How Bad Posture Harms Your Health

Lauren Lehmkuhl
How Bad Posture Harms Your Health

Growing up, you may have experienced the parental tendency to grab your shoulders in order to correct your posture. While this may have felt annoying as a child, you can thank your parents now as it turns out that this probably served a pretty important role in your health today! 

Bad posture can harm your health in many different ways. Even if you didn’t get scolded as a child for this, it’s never too late to start fixing your posture! It’s probably not a surprise that modern life can be very hard on our spines. 

While our lives are less physically demanding than they were during the caveman era, this increased ability to be sedentary is usually worse for our spines than physical labor is. All the time we spend sitting at desks, hunching over computers or our phones, and carrying heavy bags can cause our spines to curve in unnatural ways. 

There are many ways that this damage can manifest into other health problems. Let’s take a look at 8 different ways bad posture can harm your health!

It Can Cause Forward Head Posture

It’s easy for your neck to start curving forward to give you forward head posture when you aren't paying attentinon.

This occurs when your head leans forward in front of your shoulders instead of staying in line directly above them. The further your head leans forward, the more weight you are putting on your cervical spine, which is responsible for the mobility and stability of the head and the neck. 

While the human head weighs about 12 pounds, the further the angle it leans forward the more that weight increases. At a 15-degree angle, the weight of your head increases to 27 pounds. While at a 60-degree angle, the weight jumps up to an astounding 60 pounds!

If you hunch to look down at your phone, think about how much extra weight your cervical spine is carrying. Some have even coined the term “text neck”! This forward head posture can lead to quicker spinal degeneration, pressure on the cervical joints, pinched nerves, neck pain, and a myriad of other negative effects.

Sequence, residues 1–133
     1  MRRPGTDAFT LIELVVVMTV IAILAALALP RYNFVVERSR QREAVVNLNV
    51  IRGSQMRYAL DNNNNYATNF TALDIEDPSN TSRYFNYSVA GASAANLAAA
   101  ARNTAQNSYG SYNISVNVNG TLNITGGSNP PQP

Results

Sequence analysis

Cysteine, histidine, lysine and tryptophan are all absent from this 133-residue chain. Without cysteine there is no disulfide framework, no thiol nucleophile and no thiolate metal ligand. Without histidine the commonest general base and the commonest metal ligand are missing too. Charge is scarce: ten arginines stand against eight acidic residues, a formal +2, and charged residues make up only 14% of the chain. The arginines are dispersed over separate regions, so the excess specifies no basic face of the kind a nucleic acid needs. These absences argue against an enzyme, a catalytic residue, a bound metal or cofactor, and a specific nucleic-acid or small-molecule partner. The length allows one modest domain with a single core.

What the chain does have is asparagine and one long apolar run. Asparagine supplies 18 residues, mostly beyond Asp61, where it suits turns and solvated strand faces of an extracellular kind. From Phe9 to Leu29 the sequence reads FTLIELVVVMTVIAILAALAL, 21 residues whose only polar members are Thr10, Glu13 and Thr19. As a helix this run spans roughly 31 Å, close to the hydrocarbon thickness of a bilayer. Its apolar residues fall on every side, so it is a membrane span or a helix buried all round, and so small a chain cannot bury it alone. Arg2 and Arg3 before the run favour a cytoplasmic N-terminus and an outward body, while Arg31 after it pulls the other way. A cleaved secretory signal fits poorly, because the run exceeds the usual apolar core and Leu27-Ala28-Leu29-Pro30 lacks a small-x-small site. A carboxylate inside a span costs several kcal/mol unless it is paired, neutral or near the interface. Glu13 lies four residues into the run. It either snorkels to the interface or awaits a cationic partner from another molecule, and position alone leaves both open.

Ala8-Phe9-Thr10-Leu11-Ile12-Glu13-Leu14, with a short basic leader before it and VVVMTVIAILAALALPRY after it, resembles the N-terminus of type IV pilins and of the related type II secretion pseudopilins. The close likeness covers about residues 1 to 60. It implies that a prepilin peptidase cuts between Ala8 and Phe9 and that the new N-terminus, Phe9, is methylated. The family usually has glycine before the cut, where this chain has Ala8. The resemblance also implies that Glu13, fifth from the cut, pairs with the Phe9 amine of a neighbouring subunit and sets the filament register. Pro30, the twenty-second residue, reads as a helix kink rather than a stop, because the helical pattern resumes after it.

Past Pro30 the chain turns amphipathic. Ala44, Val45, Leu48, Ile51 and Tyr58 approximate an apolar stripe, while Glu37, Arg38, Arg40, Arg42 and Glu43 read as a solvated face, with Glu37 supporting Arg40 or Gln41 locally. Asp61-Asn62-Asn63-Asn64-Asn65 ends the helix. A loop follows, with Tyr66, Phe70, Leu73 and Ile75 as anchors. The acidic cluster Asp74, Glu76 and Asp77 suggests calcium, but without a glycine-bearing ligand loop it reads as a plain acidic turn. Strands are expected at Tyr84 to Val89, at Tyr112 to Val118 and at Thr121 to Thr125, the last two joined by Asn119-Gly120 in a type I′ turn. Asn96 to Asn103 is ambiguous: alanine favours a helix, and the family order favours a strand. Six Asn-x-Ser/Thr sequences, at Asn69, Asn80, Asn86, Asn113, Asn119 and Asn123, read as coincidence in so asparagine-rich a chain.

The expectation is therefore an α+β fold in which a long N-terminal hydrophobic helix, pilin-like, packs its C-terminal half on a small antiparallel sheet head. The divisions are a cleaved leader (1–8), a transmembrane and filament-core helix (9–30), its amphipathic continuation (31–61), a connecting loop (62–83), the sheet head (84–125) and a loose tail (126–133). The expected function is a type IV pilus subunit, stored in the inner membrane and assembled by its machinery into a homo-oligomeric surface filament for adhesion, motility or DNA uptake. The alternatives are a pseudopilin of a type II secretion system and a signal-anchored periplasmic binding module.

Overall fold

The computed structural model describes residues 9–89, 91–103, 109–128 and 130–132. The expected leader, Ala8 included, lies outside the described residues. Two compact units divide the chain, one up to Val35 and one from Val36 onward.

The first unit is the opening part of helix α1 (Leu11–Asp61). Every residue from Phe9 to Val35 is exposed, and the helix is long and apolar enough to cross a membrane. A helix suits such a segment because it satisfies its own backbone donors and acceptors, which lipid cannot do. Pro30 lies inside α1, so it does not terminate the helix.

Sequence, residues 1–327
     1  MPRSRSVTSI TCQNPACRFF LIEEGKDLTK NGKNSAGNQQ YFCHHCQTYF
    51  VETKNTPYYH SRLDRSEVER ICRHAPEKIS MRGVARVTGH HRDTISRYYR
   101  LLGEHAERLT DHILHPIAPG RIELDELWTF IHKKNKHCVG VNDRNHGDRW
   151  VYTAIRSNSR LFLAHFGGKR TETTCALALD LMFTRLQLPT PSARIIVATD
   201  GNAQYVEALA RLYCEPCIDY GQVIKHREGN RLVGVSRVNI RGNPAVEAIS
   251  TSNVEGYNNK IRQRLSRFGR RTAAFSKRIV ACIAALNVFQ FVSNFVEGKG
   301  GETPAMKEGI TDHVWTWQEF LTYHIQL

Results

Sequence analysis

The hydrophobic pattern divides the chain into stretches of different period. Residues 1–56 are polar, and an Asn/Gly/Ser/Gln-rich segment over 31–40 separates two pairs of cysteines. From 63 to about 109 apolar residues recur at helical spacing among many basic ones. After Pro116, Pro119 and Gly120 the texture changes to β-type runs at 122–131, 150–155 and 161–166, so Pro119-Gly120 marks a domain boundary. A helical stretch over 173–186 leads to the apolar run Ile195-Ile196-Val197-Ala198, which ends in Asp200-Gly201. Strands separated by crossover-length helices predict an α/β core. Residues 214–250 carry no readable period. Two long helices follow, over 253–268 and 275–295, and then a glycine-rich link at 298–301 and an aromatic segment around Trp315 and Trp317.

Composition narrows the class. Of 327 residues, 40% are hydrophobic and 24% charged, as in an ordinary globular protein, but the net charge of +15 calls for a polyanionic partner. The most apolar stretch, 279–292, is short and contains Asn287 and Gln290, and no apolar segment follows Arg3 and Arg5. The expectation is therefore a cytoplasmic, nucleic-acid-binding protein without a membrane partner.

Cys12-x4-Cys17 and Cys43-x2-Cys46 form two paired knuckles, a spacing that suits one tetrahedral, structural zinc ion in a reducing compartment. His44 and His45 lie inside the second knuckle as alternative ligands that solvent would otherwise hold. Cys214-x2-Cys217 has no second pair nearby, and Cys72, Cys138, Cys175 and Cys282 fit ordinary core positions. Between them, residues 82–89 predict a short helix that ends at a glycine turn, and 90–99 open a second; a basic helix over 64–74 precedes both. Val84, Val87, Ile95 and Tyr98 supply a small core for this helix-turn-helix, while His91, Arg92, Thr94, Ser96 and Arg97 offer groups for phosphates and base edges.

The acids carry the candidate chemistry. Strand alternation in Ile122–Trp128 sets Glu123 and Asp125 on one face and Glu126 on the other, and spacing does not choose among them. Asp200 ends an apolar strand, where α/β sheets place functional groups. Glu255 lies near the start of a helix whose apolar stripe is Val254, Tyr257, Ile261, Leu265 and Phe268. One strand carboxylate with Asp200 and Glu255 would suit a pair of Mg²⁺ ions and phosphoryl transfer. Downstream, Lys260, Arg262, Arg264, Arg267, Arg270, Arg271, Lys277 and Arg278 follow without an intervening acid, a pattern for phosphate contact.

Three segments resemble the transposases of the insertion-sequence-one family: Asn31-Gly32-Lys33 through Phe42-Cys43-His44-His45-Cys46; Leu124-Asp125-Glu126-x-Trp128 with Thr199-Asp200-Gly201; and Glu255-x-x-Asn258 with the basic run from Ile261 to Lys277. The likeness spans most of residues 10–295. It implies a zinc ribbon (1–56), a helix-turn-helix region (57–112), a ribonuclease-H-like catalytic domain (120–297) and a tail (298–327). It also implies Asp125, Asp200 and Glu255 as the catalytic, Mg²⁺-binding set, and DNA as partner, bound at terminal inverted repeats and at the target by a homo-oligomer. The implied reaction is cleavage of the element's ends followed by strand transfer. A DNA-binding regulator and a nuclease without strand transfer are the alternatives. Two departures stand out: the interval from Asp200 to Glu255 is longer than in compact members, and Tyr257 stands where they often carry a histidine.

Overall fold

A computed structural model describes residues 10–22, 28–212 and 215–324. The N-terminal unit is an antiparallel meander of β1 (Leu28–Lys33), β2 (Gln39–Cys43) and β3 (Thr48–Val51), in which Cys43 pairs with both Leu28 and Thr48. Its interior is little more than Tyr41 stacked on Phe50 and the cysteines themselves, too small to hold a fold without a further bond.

Doctors are concerned that the younger generation will need spinal care in much higher rates. All due to our overuse of modern technology. Since most of us will need to use our technology on a daily basis, try to implement these daily practices:

  1. Do some chin tuck stretches throughout your day
  2. Elevate your computer monitor to an ergonomic height with an adjustable computer monitor riser or by using a standing desk
  3. Use a cervical pillow (also called an orthopedic pillow) when you sleep at night to support your neck’s natural cure  

It Can Exacerbate Arthritis

Anytime your spine is out of alignment, it will put stress on all the other parts of your body. Especially if you have arthritis in your knees, poor posture can exacerbate the inflammation around your joints and cause you more pain. 

Additionally, when these muscles are overworked from poor posture, the inflammation this causes can lead to arthritis in nearby joints. If you’re young, arthritis might not be something that’s on your mind yet. But taking preventive measures with your posture now will help reduce the risk of its onset at an older age!

Feel Like You Can’t Catch Your Breath?

Did you know that poor posture can affect your breathing? Your diaphragm needs the right amount of space to release and contract properly with each breath, and this process is inhibited when our spine becomes misaligned due to poor posture. 

When your body is lengthened and in its proper alignment, your ability to take full, deep breaths may come easier! Being able to take deep breaths is vital as it allows oxygen to adequately get to all parts of the body that it is needed to rejuvenate and restore cells. Deep breaths are also helpful for reducing stress! 

It Causes Circulation Problems

While being able to take deep breaths allows our body to intake oxygen, proper circulation is essential.